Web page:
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J&B expansion teaches spirits a lesson

“Spirits can learn a lot from fine wine,” believes Sarah Miles, as the new managing director of Diageo Wines Europe outlined her growth plans for fine wine merchant Justerini & Brooks.

Justerini & Brooks’ St James’s office in London

Despite the dramatic growth experienced by luxury spirits such as Johnnie Walker whisky, which fell under Mile’s former remit as UK managing director of Diageo Reserve Brands, she emphasised the strength of the fine wine trade in building close relationships with its customers.

“If you look at J&B, the way it understands its private clients and their needs, the importance of exemplary service – sometimes spirits can learn in that area,” Miles told the drinks business.

Even in areas such as product development and marketing, where the spirits industry can often be seen as the more dynamic sector, Miles revealed that the £100,000 Diamond Jubilee decanters of whisky released by Johnnie Walker earlier this year had seen the brand “work very closely with our J&B team”.

Having lived in India and travelled extensively across South East Asia, Miles also highlighted the “emotional connection” with wine she found within many of these markets. “Spirits do well, but often the real love people have is for wine,” she remarked.

Promising significant investment across the J&B business, which has already seen the internal promotion of a number of key figures, Miles outlined a priority focus on “private clients, Asia, marketing ‘with a soft M’, and operations.” This push forward will be aided by a recruitment drive to support the existing team.

“In the last three years at J&B we have been phenomenally profitable,” she emphasised. “What we’re hoping to do now is to kick on.” Having formally launched its Hong Kong office, which began trading late last year, Miles confirmed: “It’s going really well and we will continue to invest there.”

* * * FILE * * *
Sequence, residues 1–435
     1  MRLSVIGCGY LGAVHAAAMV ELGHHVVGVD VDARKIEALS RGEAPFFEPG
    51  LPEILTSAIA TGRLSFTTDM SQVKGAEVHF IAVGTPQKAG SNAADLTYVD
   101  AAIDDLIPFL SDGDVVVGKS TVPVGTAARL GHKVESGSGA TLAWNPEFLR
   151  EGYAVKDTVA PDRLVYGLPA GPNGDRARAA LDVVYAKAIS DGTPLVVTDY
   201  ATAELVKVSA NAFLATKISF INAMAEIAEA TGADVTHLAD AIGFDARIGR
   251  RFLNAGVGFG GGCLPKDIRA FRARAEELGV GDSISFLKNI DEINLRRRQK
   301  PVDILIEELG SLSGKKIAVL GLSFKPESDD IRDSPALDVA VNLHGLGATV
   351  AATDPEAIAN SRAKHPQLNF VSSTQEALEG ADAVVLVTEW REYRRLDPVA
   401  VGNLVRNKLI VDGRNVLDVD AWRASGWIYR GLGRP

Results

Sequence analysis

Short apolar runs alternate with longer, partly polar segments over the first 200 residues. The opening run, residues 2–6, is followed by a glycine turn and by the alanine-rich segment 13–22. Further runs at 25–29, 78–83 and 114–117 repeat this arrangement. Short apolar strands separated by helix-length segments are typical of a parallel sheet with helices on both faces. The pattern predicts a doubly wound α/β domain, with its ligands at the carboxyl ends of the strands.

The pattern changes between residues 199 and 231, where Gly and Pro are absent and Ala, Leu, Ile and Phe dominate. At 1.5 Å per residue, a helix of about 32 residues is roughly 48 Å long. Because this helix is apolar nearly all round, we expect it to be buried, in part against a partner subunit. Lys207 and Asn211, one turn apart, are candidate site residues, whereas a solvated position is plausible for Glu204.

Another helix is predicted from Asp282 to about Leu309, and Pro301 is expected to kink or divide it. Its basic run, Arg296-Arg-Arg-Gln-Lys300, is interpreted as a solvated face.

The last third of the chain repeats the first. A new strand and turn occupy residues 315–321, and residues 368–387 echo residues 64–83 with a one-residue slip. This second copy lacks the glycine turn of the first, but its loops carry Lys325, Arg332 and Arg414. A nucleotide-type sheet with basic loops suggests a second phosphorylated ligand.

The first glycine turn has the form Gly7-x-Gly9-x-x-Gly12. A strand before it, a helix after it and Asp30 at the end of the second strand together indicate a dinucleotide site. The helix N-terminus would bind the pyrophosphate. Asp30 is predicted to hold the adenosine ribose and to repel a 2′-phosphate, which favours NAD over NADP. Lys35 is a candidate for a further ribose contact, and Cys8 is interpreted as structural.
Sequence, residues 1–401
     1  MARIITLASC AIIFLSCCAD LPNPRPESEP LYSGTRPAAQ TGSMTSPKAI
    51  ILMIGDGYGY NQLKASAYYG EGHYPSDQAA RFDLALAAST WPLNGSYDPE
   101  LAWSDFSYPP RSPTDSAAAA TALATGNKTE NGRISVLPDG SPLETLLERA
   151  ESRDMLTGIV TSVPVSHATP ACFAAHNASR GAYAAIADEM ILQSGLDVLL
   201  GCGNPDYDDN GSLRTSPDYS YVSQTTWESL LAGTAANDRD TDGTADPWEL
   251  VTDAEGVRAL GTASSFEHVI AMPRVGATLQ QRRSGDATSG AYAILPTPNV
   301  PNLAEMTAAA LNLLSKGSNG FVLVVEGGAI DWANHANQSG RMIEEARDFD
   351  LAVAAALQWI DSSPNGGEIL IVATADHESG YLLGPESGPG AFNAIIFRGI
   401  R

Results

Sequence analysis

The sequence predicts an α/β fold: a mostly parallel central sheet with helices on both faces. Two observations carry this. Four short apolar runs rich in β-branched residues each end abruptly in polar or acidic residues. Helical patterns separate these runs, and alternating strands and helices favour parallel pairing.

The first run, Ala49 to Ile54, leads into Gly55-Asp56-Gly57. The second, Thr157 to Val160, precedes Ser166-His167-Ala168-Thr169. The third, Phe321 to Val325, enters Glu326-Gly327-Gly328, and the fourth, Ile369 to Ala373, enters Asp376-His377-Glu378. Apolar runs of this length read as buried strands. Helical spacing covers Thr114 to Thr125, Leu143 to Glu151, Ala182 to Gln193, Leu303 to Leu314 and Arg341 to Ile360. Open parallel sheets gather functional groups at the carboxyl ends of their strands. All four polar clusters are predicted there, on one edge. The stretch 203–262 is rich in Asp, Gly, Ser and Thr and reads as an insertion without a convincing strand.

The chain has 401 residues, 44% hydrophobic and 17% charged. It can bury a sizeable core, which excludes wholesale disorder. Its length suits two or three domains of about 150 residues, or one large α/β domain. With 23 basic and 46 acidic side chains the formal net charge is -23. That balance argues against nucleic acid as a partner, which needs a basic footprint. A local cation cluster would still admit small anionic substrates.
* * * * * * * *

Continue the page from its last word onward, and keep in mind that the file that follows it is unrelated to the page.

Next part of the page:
However, in addition to this pursuit of “absolute growth in the UK, absolute growth in Asia,” Miles pointed to opportunities in other markets, “whether the Americas, BRICM or other small pockets of South East Asia.”

Including the US within these ambitions for J&B, she said of the market: “We have some strong private clients but it hasn’t been a traditional stronghold for us.”

Within the UK, Miles confirmed an on-trade strategy “focused on the top end of HoReCa.” Although acknowledging this would mean “primarily London”, she added: “Our Scotland office is going from strength to strength.”

While highlighting the current J&B list’s strength as “very deep but also broad with different price points and some fantastic drinking wines,” Miles emphasised: “We will not be in the business of building operations on the scale of Matthew Clark.”

For the moment, Miles said that there were no plans to open a shop for J&B, but she did admit this idea was “something we will review.” Although the company used to have a shop in Edinburgh, Miles insisted: “We still have a very strong relationship with our clients and I don’t know that we need people to be able to walk in off the street as long as we maintain that personal connection.”

Turning to the Percy Fox side of the Diageo Wines Europe business, whose brand portfolio includes Blossom Hill, Santa Carolina, Arniston Bay and Champagne Pommery, Miles confirmed: “We will continue to support our main brands in the UK and explore international opportunities.”

However, Miles acknowledged that, when it comes to big wine brands, “The UK is a profitable place but it’s a tougher market than it once was.”  Nevertheless, she described Blossom Hill as “a phenomenal wine and a phenomenal brand,” adding: “there are opportunities to take that success to other markets.”

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